Andrew and Anna Jensen Nielsen

A story of ‘hard work, horses, and blasting powder.’

Harvesting hops in the 1890s on the Plateau. Picture provided by the EPHS museum.

Harvesting hops in the 1890s on the Plateau. Picture provided by the EPHS museum.

Imagine two Danish citizens born in mid-19th century Denmark. Conditions are hard in Denmark at this time, and by the 1880s they both decide to immigrate to the United States, and eventually to Enumclaw, Washington where an established Danish community already exists.

Andrew Nielsen was born in 1859, followed by Anna Jensen in 1860. They were married in Tacoma in 1889. Their first child died on the third day of its life. Two other children were born in Tacoma: Dorthea, born in 1892 and dying in 1917, and Nels Julius, born in 1894 and dying in 1935.

The Nielsen family moved from Tacoma to Enumclaw in about 1895. They lived on property that is now part of the Enumclaw Golf Course. Two more children would be born there: Jens Einer, born in 1896 and dying in 1957, and Kathrine Marie (Basteyns), born in 1898. Kathrine would tell the family story shortly before dying in 1974. (“The Written Account of Nielsen, Andrew and Anna Jensen Nielsen. 2/23/73”: EPHS museum)

In 1899 the family of four moved to Osceola, west of town, to a 43-acre tree-covered parcel. They became productive dairy farmers. They heated their house with wood. Their house had two rooms and no indoor plumbing.

Four more children would be born there, beginning in 1900. That fourth child died in 1909 at the age of 9. The rest lived into their sixties and seventies.

That farmhouse must have been cramped, because according to Kathrine in her memoir, her mother’s way of coping was to repeat: “If there is a room in the heart there is always room in the house.” Eventually they added rooms, including a parlor. Because that room was “just for company”, Kathrine observed that the door was usually closed. As time passed, an extra storeroom was built along with a front porch, a second story, and a storage room.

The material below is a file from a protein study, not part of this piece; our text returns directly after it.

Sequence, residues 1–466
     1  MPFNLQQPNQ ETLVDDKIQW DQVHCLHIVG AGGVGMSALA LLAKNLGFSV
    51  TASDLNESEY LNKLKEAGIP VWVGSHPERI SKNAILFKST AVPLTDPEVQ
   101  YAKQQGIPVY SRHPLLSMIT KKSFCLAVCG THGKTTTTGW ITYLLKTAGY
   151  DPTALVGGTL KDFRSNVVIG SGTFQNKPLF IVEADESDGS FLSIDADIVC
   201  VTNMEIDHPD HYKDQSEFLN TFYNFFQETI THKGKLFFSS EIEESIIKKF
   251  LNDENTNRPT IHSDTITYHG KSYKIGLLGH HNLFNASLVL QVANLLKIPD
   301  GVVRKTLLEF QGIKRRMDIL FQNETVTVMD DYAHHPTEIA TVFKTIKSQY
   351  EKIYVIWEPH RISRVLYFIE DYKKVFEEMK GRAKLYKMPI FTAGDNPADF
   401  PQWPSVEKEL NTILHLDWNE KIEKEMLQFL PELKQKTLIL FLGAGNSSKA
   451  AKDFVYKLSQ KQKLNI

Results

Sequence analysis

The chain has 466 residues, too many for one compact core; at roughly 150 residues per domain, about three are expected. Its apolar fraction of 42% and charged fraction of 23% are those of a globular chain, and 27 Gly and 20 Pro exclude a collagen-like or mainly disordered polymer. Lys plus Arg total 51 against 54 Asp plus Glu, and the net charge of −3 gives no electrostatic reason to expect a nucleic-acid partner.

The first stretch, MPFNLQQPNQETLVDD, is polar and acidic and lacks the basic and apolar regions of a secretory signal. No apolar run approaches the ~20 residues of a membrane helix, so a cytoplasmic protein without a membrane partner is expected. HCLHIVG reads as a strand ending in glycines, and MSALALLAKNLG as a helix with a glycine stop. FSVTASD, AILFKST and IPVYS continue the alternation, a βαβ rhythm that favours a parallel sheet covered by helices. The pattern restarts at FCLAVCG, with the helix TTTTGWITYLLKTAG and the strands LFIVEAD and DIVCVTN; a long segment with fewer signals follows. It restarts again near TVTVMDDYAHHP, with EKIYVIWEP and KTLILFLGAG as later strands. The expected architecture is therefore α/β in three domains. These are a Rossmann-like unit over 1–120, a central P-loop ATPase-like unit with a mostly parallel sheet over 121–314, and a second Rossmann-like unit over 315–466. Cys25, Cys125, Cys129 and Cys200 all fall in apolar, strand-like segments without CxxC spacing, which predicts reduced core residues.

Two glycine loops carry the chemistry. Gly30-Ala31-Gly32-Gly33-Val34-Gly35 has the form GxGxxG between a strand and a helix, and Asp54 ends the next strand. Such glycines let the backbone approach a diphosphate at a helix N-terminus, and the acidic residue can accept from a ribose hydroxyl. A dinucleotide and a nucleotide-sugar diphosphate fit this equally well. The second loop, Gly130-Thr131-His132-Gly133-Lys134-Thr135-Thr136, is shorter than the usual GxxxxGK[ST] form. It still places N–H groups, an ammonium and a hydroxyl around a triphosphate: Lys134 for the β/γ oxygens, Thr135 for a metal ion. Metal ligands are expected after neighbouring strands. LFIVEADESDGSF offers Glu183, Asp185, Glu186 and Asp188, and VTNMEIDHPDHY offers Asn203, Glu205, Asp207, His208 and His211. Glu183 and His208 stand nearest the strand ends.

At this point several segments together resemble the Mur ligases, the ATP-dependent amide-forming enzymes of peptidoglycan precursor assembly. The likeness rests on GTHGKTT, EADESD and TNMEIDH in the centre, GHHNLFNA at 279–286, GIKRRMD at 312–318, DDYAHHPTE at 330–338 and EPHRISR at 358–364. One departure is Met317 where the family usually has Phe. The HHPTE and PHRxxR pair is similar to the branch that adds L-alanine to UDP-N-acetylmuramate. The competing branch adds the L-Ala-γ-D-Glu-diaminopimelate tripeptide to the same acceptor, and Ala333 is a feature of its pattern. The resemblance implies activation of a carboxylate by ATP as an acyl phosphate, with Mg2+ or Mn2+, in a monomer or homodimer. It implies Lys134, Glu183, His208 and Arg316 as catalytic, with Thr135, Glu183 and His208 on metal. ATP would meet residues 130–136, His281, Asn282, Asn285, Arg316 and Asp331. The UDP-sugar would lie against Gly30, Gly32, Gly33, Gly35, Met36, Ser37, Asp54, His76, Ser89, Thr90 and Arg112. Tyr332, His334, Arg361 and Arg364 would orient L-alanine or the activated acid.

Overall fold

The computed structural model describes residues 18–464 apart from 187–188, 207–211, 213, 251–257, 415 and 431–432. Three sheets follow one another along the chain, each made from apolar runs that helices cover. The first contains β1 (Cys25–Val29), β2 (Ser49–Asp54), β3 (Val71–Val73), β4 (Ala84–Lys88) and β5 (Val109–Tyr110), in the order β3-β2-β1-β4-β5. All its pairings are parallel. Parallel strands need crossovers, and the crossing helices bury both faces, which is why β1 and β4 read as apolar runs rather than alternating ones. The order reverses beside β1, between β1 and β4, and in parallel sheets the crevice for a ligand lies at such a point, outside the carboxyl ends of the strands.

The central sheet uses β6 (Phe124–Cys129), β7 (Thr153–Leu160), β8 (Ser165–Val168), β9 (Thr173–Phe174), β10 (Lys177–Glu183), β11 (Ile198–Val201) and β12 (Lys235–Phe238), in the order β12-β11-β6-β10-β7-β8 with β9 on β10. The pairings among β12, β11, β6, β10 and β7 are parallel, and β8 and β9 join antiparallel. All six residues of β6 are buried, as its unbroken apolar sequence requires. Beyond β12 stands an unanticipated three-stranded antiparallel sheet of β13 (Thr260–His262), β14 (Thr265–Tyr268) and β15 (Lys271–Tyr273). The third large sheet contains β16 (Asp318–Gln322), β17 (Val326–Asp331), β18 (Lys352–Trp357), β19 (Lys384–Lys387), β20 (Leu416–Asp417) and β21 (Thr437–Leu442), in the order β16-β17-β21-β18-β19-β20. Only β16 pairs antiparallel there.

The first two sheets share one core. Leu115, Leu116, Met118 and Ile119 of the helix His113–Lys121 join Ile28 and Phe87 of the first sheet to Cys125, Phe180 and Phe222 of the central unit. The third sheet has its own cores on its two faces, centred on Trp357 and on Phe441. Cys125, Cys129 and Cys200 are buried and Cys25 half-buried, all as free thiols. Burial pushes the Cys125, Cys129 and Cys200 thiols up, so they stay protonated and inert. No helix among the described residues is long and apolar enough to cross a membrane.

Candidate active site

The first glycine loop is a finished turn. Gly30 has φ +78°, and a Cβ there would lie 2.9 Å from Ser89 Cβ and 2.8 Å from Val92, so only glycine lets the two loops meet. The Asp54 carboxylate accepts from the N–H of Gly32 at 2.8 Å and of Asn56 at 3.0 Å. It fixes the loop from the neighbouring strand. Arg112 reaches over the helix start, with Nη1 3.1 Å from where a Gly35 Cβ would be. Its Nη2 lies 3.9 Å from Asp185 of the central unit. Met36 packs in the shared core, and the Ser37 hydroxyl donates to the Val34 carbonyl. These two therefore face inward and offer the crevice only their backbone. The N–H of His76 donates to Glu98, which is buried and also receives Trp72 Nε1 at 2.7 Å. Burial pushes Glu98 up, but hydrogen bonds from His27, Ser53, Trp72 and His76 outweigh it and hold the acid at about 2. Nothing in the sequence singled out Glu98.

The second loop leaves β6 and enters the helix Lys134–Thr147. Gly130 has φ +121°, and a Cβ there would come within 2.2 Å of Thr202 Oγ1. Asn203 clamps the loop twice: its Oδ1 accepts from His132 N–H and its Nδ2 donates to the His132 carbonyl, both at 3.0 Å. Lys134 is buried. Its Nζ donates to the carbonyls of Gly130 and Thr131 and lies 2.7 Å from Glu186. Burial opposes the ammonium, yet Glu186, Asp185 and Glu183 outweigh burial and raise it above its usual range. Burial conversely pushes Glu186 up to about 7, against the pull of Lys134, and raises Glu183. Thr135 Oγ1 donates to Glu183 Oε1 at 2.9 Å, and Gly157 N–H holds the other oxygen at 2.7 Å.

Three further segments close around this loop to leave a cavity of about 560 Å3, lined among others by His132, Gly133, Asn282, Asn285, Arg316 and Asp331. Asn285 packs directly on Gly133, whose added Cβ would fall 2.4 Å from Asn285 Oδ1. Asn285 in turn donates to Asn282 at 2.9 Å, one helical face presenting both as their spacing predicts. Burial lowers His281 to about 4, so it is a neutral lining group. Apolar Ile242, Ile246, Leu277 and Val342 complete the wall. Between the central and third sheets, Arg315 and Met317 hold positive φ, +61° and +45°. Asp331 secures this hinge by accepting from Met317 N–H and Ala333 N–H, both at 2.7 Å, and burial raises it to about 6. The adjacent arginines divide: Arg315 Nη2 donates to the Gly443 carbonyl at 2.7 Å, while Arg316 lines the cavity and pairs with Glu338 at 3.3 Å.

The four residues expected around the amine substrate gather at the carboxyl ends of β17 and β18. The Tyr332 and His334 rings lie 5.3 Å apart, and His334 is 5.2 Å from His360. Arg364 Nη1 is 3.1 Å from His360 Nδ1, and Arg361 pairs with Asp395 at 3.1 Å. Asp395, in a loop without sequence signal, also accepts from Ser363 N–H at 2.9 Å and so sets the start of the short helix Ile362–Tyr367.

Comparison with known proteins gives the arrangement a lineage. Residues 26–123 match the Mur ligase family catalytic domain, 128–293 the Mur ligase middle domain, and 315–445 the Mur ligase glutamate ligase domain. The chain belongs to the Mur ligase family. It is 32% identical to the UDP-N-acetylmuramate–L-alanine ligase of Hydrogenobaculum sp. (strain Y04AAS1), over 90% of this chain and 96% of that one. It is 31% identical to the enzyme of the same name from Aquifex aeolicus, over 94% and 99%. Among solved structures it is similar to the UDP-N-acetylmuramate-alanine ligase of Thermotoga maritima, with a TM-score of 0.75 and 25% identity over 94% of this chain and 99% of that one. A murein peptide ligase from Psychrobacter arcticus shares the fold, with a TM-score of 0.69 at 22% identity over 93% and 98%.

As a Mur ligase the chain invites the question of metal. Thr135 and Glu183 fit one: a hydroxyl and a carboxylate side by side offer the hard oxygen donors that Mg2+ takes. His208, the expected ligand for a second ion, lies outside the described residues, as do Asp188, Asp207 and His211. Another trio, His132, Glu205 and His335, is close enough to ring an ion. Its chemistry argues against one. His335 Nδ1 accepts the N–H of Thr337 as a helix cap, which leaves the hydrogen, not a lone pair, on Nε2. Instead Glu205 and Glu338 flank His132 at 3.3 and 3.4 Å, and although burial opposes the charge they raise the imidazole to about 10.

How was a dairy farmer able to clear the land of trees to create pasture and hay to feed his cattle? “Hard work, horses, and blasting powder.”

Imagine 43-acres of old-growth trees. Often, the roots had to be dug around and then chopped off to remove the tree. On one occasion, cottonwoods were cut down, sawed into four-foot lengths, split, and dragged by a horse team to be piled by the side of the road. They were carted to the Enumclaw railroad station to be shipped to Tacoma. The roots and brush were dragged into a pile, allowed to dry, and then burned. The land could then be plowed and seeded.

Before the blight of the 1890s, the land in Osceola was used to grow a lot of hops for beer. Whole families would pick the hops, bringing in extra money. Muckleshoots, who were excellent pickers according to Kathrine, would camp in the fields. Sometimes, the start of school was delayed until the hop season ended.

Surprisingly, there were a lot of homeless men who would pass through Osceola and the Nielsen farm on the way to Buckley. They were called “hobos,” “tramps,” or “bums” then.

According to Kathrine, “For the most part they were a likable sort and folks never turned any of them away.” They were always men who would offer to chop wood or do other chores to get a meal. Sometimes they would ask for a place to sleep. They were almost never allowed to sleep in the barn lest their smoking ignite the hay stored in sheaves and burn it down.

One man who ate with them appeared suspicious, apparently looking around at what he could steal, but he was allowed to sleep in the spare bedroom anyway. Kathrine’s mother first removed father’s good clothes stored there and put them in their bedroom. Normally, the children did not lock their bedroom doors in case of fire, but on this occasion, her mother gave them keys to lock their doors.

The next morning, the man ate a big breakfast. Father asked the man if he wanted to weed the rhubarb. After one spade full of dirt, he decided he didn’t want to work, and left without even a “thank you.”

Kathrine Nielsen Basteyns has other interesting stories to tell of early 20th century Enumclaw. They will be continued next month.

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